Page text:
Vanechkina I.L.

Leonid Sabaneyev in "Reminiscences on Scriabin" inserted a minute account of how Scriabin in 1913, by his request, had made a detailed written instructions in the margins of "Prometheus" score copy, regarding colors and, especially, lighting images he meant for "Luce" part. As it is known, the published original "Prometheus" score contained no directions of this kind [1, pp.199-205]. When Sabaneyev left to emigration, he took this unique copy with him, and for a long time it was said to be lost. The score was found again about twenty years ago, in the National Library in Paris (the reference to its present location firstly appeared in the Proceedings of Scriabin symposium in Graz, Austria, 1980 [2]). Shortly after we informed Russian readers about the find, in our monography on Scriabin [3, pp.122,155]. Three years later, Sriabin Museum in Moscow had asquired the facsimile copy of the above score and then the analytical account by O.Tompakova had been published in Museum's book, with a statement that it means revolutionary change in our understanding of Scriabin's light-music ideas [4, p.47].

We expected much from the acquaintance with that score too. At the same time we understood that Sabaneyev, having the precious document at hand for many years, surely would use these data in some way. Indeed, telling about "Prometheus" and Scriabin's intentions on "Luce" part, he wrote: "In his speech there began to appear not colors only, but the entire "images of colors", lightnings, rays, mists, clouds. One could imagine that the whole lighting symphony of colors and shapes were developing before his eyes" [1, p.104]. Many thanks to Hakon Austbo who provided us with a copy - we wanted very much to know what visual images Scriabin actually had in mind for "Luce" part, since we more than once performed "Prometheus" with lighting.

Regarding colors, our analysis has shown long ago already that "Luce" consists of two distinct parts: a "mobile" one, coloring harmonies, and "slow" one, reflecting tonal scheme (in modern sense of the word "tonality"). This was confirmed by one else impotant document - another copy of "Prometheus", dated of the same period, in which Scriabin had left directions (again in words) of what colors are hidden behind the "Luce" note signs (he made this copy for the conductor I.Micklashevsky). That is why, after careful checking the results of our analysis, we ventured surprising conclusion, which goes beyond "light symphony" subject: the note line of "Luce" is a clue to comprehension of Scriabin's harmonies of his later period. (Because the notes of "Luce" are none other than fundamentals of harmonies - in "mobil" part, and tonalities - in a "slow" part).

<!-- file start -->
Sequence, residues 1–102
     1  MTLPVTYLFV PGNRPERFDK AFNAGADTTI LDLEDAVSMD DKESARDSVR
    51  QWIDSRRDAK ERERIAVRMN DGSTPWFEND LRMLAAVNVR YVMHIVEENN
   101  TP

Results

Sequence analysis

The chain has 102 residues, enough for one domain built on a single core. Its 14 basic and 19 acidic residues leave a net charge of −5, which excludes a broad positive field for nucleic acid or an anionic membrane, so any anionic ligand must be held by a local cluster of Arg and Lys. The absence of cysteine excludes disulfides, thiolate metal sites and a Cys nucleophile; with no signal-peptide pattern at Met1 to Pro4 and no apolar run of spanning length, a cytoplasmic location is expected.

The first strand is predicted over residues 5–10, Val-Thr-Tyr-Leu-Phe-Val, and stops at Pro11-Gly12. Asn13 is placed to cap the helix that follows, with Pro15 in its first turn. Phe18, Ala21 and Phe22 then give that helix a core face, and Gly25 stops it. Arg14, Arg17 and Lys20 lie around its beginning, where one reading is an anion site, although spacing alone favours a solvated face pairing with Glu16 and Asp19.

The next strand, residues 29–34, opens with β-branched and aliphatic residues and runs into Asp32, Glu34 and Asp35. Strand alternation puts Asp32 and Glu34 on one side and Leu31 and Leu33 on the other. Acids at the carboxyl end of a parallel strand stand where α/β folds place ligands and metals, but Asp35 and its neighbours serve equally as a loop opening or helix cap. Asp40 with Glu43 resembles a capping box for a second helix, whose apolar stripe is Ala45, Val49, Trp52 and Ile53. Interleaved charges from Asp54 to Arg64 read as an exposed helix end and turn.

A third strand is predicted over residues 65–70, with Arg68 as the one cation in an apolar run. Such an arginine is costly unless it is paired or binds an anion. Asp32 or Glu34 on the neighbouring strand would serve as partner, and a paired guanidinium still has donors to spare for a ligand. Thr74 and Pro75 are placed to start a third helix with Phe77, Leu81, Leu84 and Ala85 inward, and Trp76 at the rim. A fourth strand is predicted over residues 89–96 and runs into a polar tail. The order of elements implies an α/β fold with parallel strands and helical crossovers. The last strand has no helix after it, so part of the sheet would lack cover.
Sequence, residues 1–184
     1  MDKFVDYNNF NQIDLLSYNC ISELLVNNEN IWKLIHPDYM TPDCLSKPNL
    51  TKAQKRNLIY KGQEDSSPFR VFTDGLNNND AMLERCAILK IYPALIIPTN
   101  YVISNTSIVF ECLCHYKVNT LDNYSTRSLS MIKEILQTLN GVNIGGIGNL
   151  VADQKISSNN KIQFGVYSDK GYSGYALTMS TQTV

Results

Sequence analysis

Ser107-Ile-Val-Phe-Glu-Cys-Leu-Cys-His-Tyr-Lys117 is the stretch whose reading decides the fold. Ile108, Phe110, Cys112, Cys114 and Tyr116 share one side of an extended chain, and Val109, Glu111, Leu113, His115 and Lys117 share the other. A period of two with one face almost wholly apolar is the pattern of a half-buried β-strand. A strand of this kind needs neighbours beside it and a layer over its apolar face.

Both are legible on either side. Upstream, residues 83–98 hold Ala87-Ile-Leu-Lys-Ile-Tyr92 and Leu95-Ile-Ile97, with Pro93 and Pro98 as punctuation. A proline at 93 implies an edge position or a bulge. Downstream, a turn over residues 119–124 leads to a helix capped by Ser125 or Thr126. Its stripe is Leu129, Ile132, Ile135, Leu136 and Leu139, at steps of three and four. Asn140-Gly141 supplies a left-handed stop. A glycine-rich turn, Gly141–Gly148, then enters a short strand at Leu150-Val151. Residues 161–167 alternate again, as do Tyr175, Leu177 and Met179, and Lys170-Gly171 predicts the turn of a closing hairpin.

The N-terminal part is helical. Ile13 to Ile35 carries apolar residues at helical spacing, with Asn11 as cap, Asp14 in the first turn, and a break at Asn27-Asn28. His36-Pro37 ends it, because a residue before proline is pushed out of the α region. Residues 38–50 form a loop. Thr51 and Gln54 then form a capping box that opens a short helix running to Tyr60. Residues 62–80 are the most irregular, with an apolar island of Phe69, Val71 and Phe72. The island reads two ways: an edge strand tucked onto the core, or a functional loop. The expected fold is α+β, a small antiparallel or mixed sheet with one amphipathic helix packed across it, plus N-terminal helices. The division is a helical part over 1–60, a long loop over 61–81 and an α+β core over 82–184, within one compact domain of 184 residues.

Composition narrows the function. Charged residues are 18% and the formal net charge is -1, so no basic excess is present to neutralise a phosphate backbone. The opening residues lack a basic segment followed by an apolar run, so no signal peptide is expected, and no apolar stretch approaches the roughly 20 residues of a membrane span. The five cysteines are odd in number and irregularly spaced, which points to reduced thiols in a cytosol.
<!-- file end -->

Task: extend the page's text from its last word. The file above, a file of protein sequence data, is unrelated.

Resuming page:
We have come to that conclusion by assuming (as well as Sabaneyev and many other researchers did) that genesis of "Luce" is based upon Scriabin's scheme of correspondence between circle of fifths and cirle of colors. Our monography presents three versions of that scheme from Sabaneyev's works of different years, and two more - by Ch.Mayers and M.A.Scriabina. All of them follow one and the same locic (laying aside some synonimic alterations).

The "table of lights", which Scriabin drew in the margins of "Parisian" score, does not differ significantly from these versions: C, G, D, A, E, H, Fis-Ges, Des, As, Es, B, F, C. It was drawn in a hurry, some letters are illegible (remember where it took place - in the restoraunt "Prague"). And in Russia we had dealt with the reprint, not the original score. So it happened, our colleague from Scriabin Museum had read the next to last "F" in Scriabin's list erroneously as "G" (though, as one can see, "G" is present already at the beginning, next to "C"). More than that, she had read the following Scriabin's words "the circle is closed" as "the circle is coming apart" (both phrases in Russian careless writing are rather alike) [4, p.47]. How on Earth it can "coming apart" if it begins with "C" and ends with the same "C"? Has not she noticed, that her variant of the circle of 12 tonalities missed "F", while "G" is duplicated? And when she wrote then "the circle is coming apart, cosmos is infinite" [4, p.51], one might feel embarrassed, knowing that nice phrase is constructed on the error. Any specialist on "Prometheus", familiar with the genesis of "Luce" and, excuse me, the structure of circle of fifths, hardly would make such mistake (even foreign specialists have read and translated the text right!). Unfortunately, in this case the mistake had led to the following conclusion: "It is easy to notice sharp contrast of that, really Scriabin's version, to all others" (!) Alas, it's not true, the manuscripts should be read more carefully...

It seems that due to the these mistakes O.Tompakova ventured one more unexpected and rather incomprehensible discovery in her next book: "Scriabin, being "color hearing" person, precisely linked THIS OR THAT CIRCLE of tonalities and harmonies with a certain color scale" [5, p.7] (italics is mine - I.V.). Here the word "that" probably relates to the above erroneously read circle of fifths. Beside that, she took for "counterpoint" the mess of colors raised by that mistake, when she wrote: "Music and light in "Prometheus" do not go parallel each other" [6, p.36]. But Scriabin himself warned: "I aimed to parellelism in "Prometheus""! [1, p.13]. From the same origin go her speculations on the possible connections between light and timbre - indeed, there are some, but only in that moments when the change of timbre occurs simultaneously with the change of tonality (and therefore color).